Hollywood, 1941. Ogled by her foster father and despised by her foster mother, Norma Jean Baker is thrown out by the latter and takes work in a factory. Raped by a policeman whom she earlier persuaded not to give her a speeding ticket, she is comforted by Corporal Ralph Johnson. He prompts her on how to behave when she enters the Miss Whammo-Ammo contest (which she wins), photographs her in cheesecake poses, and advises her in her efforts to become a movie star. They drive to Tijuana and make love, although she admits that her former experiences with men have prevented her from enjoying sex. He next introduces her to model agent Beverly, who finds her work posing for pulp magazine illustrations and introduces her in turn to agent Irving Ollbach, who takes her to a party in Palm Springs. There she is sneered at by casting director Ruth Latimer, raped by actor Randy Palmer (who first offers to give her a screen test), and mocked by the party’s host, the wealthy Hal James, who none the less later arranges for her to have an interview at Lion-Rampant pictures.… Read more »
From Monthly Film Bulletin , September 1976, Vol. 43, No. 512. — J.R.
Director: Michael Snow
Dist–London Film-makers Co-op /Cinegate. conceived and executed by– Michael Snow. In colour. ed–Michael Snow. sd–Darvin Studio. with– Allan Kaprow, Emmett Williams, Max Neuhaus, Terri Marsala, Donna Aughey, Joyce Wieland, Louis Commitzer, George Murphy, Dr. Gordon, Liba Bayrak, Anne Scotty, Nancy Graves, Richard Serra, John Giorno, Paul Iden, Alison Knowles, Jud Yalkut, Susan Ay-O, Mac, students in the HEP program at Farleigh Dickinson University. 1,872 ft. 52 mins.
Alternative title–Back and Forth
The camera pans back and forth across an outside wall of a classroom while a man crosses part of the field. The pan resumes inside the classroom in a fixed trajectory, revealing an asymmetrical area including part of a blackboard and a door on a far wall, two pairs of windows on the wall closer to the camera, and desks in front of the blackboard; trees, building and occasionally passing vehicles are partially visible through the doors and windows.
Throughout, one hears the sound of the camera’s mechanisms, including a loud report at the beginning and end of each pan. Various cuts emphasise that certain parts of individual pans, or entire pans, or a number in series, were filmed at different times.… Read more »
From Monthly Film Bulletin, September 1976, , Vol. 43, No. 512. I believe that this is the first time I wrote about Moullet. — J.R.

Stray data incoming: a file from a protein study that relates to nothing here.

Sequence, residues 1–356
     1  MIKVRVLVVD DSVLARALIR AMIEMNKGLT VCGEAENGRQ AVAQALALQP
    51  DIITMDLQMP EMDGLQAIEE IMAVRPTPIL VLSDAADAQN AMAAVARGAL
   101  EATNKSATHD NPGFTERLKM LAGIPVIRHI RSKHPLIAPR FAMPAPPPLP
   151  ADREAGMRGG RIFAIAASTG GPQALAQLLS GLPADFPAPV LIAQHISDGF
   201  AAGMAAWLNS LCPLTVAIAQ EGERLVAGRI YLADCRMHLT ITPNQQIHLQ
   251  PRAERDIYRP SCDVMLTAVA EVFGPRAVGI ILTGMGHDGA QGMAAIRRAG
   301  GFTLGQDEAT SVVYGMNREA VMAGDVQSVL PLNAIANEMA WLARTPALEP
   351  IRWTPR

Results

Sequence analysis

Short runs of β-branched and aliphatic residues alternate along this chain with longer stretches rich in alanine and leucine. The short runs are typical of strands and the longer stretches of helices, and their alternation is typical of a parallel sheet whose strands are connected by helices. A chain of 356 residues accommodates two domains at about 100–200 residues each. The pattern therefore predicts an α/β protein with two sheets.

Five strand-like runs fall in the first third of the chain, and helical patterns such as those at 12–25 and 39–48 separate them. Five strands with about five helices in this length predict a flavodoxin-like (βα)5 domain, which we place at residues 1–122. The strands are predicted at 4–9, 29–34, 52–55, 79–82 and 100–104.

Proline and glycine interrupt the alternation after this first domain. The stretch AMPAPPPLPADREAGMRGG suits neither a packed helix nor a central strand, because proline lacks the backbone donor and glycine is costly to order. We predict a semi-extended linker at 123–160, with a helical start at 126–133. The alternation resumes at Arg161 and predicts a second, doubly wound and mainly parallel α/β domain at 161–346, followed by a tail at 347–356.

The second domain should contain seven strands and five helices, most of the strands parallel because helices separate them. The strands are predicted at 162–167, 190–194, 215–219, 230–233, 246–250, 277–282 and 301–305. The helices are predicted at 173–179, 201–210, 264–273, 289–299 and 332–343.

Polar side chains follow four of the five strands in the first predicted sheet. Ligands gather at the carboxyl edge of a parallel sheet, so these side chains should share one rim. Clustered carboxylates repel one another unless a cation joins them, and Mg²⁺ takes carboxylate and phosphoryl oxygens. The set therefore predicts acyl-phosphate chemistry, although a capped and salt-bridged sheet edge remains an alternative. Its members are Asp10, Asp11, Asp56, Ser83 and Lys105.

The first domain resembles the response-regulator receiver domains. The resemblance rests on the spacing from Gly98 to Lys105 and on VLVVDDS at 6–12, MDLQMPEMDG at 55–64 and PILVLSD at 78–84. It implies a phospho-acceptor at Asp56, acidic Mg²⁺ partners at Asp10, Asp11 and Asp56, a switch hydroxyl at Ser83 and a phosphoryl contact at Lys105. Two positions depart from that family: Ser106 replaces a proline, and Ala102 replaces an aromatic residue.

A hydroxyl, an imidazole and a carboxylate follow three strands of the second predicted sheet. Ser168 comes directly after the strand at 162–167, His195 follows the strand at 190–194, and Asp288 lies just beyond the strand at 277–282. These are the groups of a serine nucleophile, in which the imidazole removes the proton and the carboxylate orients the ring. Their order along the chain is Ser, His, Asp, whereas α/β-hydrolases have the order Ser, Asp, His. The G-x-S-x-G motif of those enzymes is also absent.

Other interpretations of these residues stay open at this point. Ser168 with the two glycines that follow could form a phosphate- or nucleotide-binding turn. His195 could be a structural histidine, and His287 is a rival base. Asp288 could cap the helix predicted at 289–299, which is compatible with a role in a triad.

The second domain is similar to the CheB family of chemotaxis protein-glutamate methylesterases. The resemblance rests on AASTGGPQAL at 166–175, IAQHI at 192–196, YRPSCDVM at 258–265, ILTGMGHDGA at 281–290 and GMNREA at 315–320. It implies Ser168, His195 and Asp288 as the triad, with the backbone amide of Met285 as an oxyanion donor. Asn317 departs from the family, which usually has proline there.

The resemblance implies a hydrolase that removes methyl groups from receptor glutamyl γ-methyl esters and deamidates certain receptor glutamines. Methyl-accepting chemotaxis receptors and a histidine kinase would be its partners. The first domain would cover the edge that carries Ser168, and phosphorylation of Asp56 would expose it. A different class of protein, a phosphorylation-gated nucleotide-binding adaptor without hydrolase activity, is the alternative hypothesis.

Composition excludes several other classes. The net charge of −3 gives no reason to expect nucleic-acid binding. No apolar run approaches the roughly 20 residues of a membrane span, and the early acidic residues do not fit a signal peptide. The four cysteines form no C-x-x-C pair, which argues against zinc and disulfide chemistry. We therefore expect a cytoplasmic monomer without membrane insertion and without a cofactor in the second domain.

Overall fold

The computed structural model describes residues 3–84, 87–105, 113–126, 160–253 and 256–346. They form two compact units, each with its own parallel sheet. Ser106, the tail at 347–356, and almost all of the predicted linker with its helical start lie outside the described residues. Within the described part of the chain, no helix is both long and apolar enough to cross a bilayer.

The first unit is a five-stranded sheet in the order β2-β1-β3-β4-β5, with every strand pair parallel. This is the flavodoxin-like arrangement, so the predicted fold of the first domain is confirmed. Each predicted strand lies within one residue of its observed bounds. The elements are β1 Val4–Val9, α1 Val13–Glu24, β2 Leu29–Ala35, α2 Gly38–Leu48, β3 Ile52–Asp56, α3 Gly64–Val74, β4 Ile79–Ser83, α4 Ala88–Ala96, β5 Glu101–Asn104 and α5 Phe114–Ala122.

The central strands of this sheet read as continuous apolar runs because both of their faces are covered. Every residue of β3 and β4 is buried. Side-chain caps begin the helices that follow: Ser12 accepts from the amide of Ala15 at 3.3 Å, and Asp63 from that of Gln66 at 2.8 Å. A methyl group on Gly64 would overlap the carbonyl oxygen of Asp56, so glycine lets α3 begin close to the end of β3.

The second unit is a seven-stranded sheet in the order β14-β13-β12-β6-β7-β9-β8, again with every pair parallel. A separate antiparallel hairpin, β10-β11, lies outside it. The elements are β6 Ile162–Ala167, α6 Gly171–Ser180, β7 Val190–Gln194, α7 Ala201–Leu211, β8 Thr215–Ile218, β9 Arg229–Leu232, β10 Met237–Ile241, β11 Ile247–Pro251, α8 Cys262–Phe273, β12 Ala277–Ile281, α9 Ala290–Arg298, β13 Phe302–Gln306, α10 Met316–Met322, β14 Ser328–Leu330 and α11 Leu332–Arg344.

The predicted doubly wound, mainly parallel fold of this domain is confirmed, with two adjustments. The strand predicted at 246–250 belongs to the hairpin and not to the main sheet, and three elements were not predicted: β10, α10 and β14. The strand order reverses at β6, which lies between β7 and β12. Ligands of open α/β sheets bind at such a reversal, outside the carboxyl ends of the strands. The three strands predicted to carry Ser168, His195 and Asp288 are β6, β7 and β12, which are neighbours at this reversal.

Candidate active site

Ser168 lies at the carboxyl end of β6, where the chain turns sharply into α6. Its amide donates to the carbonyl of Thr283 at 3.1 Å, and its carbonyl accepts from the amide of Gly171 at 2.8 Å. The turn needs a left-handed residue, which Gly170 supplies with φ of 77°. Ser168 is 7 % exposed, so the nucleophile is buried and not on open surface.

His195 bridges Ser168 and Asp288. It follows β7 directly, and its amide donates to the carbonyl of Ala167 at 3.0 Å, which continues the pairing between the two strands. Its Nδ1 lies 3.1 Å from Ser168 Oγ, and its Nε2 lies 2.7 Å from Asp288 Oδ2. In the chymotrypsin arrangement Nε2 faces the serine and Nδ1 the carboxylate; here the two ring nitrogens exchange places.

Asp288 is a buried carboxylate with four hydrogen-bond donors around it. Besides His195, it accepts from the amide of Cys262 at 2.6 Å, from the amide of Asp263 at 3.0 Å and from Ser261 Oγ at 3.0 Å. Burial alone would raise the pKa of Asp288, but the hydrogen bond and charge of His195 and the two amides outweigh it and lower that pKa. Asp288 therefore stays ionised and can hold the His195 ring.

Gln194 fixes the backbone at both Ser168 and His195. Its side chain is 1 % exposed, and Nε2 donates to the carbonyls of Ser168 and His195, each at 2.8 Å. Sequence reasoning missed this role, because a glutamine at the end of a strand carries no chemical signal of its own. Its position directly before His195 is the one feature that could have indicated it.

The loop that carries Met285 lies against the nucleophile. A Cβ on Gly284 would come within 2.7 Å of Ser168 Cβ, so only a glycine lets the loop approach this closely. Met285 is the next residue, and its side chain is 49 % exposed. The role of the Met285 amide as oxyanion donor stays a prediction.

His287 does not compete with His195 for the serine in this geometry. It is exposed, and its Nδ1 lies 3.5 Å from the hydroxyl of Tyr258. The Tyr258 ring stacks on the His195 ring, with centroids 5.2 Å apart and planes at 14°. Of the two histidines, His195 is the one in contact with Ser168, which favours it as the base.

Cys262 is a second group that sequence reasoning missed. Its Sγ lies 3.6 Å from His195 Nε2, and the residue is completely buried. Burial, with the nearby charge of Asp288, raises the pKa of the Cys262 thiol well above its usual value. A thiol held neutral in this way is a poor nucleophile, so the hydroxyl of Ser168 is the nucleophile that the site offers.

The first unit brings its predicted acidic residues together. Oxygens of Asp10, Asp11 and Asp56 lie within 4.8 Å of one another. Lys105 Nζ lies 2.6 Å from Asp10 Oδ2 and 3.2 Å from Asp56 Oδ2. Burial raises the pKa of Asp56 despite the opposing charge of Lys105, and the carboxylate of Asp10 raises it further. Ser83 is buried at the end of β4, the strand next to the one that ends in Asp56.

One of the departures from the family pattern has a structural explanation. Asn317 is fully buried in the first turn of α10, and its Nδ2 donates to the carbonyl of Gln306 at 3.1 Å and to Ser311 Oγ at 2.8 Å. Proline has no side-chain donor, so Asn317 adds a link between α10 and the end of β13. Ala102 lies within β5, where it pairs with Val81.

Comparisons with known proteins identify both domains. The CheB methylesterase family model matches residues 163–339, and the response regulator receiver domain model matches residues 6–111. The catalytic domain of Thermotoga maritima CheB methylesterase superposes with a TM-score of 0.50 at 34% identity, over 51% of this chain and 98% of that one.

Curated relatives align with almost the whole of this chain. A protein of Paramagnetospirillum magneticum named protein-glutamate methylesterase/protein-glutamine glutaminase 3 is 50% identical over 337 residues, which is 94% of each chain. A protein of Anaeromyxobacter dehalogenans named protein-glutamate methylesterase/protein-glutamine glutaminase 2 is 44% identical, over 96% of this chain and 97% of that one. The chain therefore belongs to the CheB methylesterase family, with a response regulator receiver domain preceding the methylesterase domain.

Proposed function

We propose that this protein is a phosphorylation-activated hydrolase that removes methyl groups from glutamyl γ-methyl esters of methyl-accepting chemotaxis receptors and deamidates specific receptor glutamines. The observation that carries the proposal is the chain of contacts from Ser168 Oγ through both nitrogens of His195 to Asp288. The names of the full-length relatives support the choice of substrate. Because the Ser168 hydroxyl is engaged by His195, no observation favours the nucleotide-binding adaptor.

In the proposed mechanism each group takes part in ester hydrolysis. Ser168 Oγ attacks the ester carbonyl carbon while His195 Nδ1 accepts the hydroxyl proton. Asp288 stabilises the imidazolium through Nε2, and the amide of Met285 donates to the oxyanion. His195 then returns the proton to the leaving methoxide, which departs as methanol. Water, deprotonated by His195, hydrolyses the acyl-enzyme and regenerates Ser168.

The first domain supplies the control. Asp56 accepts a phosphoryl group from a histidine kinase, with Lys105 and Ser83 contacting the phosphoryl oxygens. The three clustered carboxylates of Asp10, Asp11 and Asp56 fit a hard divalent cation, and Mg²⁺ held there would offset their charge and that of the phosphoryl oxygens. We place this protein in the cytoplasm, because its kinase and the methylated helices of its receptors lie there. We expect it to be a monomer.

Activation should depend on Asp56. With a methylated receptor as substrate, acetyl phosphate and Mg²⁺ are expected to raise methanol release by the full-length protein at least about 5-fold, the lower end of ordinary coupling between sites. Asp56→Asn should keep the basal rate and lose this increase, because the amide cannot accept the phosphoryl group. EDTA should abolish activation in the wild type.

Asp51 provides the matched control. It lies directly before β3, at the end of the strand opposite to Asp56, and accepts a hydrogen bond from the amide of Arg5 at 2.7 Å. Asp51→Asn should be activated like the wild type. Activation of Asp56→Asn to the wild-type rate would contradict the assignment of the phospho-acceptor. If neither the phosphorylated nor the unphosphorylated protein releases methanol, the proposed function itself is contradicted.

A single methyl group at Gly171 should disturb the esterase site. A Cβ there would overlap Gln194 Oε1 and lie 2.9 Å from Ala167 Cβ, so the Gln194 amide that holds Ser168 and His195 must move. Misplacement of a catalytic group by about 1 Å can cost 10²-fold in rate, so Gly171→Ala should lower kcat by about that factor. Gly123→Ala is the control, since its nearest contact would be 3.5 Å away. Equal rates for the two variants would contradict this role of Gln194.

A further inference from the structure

Steack Trop Cuit, Un (Overdone Steak)
Director: Luc Moullet
Cert-U. dist–Connoisseur. p.c–Les Productions Luc Moullet/Les Productions Georges de Beauregard. p–Georges de Beauregard. 2nd Unit d–Pierre Guinle. sc–Luc Moullet. ph–André Mrugalski. 2nd Unit ph–Raymond Cauchetier. ed–Agnès Guillemot. 2nd Unit ed–Maryse Siclier. a.d–Luc Moullet. m–Frédéric G. Ploumepeux. English titles– Mai Harris. sd–Marielle Lesseps. cooking adviser–Alberta Laguioner. /.p–Françoise Vatel (Nicole), Albert Juross (Georges), Jacqueline Fynnaert (Françoise), Raymond N. Quinneseul (Samuel). 1,739 ft. 19 mins. Subtitles. Returning home from school, Georges protests angrily to his older sister Nicole that she hasn’t yet prepared dinner. With both their parents away, she is in control of his pocket money, and threatens not to give him any for Sunday after he behaves boorishly. Claiming that the steak she has cooked is inedible, he goes next door and borrows sausages from their neighbour Françoise, which he gets Nicole to prepare. Afterwards, he plays footsy with Nicole at the table and talks to her while she puts on make-up and changes clothes, preparing to go out on a date.… Read more »
From Monthly Film Bulletin, September 1976 (Vol. 43, No. 512). — J.R.
Buffalo Bill and the lndians, or
Sitting Bull’s History Lesson
Director : Robert Altman
Cert-A. dist-EMI. p.c–Dino De Laurentiis Corporation/Lion’s Gate Films/Talent Associates-Norton Simon. exec..-p-David Susskind. p– Robert Aitman. assoc. p–Robert Eggenweiler, Scott Bushnell, Jac Cashin. p. exec—Tommy Thompson. asst. d–Tommy Thompson,Rob Lockwood. sc–Alan Rudolph, Robert Altman. Suggested by the play Indians by Arthur Kopit. Ph–Paul Lohmann. Panavision. col–Deluxe General.ed-Peter Appleton, Dennis Hill. p. designer–Tony Masters. a.d–Jack Maxsted. set dec–Dennis J. Parrish, Graham Sumner. scenic artist–Rusty Cox. sp. effects–Joe Zomar, Logan Frazee, Bill Zomar, Terry Frazee, John Thomas. M–Richard Baskin. cost–Anthony Powell. make-up–Monty Westmore. titles-Dan Perri. sd. ed–William Sawyer,_Richard Oswald. sd. rec–Jim Webb, Chris McLaughlin. sd. re-rec–Richard Portman. research–Maysie Hoy. wrangler–John Scott. l.p–Paul Newman (Buffalo Bill), Joel Grey (Nate Salsbury), Burt Lancaster (Ned Buntline). Kevin McCarthy (Major John Burke), Harvey Keitel (Ed Goodman), Allan Nicholls (Printiss Ingraham), Geraldine Chaplin (Annie Oakley). John Considine (Frank Butler), Robert Doqui (Osborne Dart), Mike Kaplan (Jules Keen), Bert Remsen (Crutch), Bonnie Leaders (Margaret), Noelle Rogers (Lucille Du Charmes), Evelyn Lear (Nina Cavalini), Denver Pyle (McLaughlin),Frank Kaquitts (Sitting Bull), Will Sampson (William Halsey), Ken Krossa (Johnny Baker), Fred N. Larsen (Buck Taylor), Jerri Duce and Joy Duce (Trick Riders), Alex Green and Gary MacKenzie (Mexican Whip and Fast Draw Act), Humphrey Gratz (Old Soldier), Pat McCormick (Grover Cleveland), Shelley Duvall (Frances Folsom).… Read more »